Commands using rm (272)

  • This function is used to sort selected lines of a text file to the end of that file. Especially useful in cases where human intervention is necessary to sort out parts of a file. Let's say that you have a text file which contains the words rough slimy red fluff dough For whatever reason, you want to sort all words rhyming with 'tough' to the bottom of the file, and all words denoting colors to the top, while keeping the order of the rest of the file intact. '$EDITOR' will open, showing all of the lines in the given file, numbered with '0' padding. Adding a '~' to the beginning of the line will cause the line to sort to the end of the file, adding '!' will cause it to sort to the beginning. Show Sample Output


    0
    2end () ( export LC_ALL=C; nl -n rz $1 > $1.tmp; ${EDITOR:-vi} $1.tmp; sort $1.tmp | sed -r 's/^.*[0-9]+\t+//' > $1; rm $1.tmp; )
    bartonski · 2010-03-06 23:02:28 3
  • I constantly need to work on my local computer, thus I need a way to download the codeigniter user guide, this is the wget way I figured.


    -1
    wget -r --no-parent http://codeigniter.com/user_guide/ ; mv codeigniter.com/user_guide/* . ; rm -rf codeigniter.com
    jimthunderbird · 2010-03-01 02:37:26 0
  • Assuming only VIM has *~ files in your current dir. If you have usefull data in a file named in the *~ pattern, DO NOT RUN this command!


    -5
    find . -name "*~" -exec rm {} \;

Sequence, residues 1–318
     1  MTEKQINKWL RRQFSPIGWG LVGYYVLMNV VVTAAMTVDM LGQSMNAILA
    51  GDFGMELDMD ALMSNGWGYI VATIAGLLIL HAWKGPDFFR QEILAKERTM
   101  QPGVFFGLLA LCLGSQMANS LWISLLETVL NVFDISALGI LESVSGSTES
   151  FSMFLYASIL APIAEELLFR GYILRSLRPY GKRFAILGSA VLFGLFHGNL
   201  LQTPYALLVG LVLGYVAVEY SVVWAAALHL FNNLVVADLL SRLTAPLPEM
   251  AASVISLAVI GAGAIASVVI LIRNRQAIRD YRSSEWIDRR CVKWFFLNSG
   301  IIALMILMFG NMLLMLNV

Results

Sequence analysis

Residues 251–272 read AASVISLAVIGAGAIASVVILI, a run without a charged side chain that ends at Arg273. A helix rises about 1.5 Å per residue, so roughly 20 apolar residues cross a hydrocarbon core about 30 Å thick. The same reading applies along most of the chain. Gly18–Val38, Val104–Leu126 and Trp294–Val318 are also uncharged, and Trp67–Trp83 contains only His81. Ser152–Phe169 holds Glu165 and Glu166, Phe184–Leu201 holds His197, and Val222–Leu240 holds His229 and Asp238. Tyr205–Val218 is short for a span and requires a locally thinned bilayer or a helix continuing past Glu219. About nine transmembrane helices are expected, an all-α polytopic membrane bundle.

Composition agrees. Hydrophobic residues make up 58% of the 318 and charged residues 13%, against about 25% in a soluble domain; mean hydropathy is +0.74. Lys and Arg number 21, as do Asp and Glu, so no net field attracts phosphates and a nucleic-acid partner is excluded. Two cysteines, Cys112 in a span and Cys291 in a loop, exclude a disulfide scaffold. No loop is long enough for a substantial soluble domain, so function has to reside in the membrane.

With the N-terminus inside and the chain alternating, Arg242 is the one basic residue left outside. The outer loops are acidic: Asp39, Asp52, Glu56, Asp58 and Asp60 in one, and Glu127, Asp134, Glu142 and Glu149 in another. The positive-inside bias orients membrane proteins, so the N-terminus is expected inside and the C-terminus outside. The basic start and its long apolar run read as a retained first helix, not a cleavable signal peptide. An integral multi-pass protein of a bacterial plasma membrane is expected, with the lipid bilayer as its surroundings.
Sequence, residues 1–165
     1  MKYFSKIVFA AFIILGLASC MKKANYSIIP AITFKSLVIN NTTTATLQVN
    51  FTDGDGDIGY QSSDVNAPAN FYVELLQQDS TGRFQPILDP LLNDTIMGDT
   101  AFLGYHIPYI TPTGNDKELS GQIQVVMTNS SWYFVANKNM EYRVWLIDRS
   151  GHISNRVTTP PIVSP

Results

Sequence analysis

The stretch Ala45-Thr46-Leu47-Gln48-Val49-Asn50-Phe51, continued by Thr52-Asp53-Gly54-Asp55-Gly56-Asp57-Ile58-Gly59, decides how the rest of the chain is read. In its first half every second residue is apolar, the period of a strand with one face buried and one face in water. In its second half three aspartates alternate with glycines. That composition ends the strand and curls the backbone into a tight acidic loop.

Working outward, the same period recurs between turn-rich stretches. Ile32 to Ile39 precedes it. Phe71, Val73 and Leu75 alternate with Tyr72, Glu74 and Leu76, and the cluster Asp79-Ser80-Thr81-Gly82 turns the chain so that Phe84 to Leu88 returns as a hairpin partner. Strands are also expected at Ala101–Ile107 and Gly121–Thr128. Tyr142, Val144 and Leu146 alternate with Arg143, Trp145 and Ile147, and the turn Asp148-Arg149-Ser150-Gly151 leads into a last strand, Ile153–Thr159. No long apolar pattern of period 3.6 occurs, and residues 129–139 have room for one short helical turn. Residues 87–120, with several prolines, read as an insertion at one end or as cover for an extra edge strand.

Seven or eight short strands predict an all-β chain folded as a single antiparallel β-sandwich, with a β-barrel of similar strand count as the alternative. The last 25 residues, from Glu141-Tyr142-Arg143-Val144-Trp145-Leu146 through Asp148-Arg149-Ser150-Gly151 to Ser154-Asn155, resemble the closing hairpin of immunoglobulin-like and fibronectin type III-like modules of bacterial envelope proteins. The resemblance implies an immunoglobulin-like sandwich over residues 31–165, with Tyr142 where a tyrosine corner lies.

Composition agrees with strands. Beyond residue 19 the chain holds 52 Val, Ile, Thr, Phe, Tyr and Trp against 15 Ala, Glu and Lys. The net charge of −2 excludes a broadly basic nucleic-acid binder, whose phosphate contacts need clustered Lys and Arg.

ivanatora · 2010-02-26 10:54:02 4
  • man find: If no paths are given, the current directory is used. - Can anybody tell me why so many people are typing the dot?


    -1
    find -type d -name ".svn" -print0 | xargs -0 rm -rf
    tuxilicious · 2010-02-25 10:16:18 1

  • 1
    find . -name .svn -exec rm -r {} +;
    nishan_n · 2010-02-23 10:24:16 1

  • -8
    ls -RAx | grep "svn:$" | sed -e "s/svn:/svn/" | xargs rm -fr
    ook · 2010-02-23 08:42:15 0
  • Recursively remove .svn directories from the current location.


    -2
    rm -rf `find . -name .svn`
    jfcalvo · 2010-02-23 08:35:06 0
  • This deals nicely with files having special characters in the file name (space ' or "). Parallel is from https://savannah.nongnu.org/projects/parallel/


    -3
    tar -zcvpf backup_`date +"%Y%m%d_%H%M%S"`.tar.gz `find <target> -atime +5 -type f` 2> /dev/null | parallel -X rm -f
    unixmonkey8046 · 2010-01-28 12:41:41 0

  • 1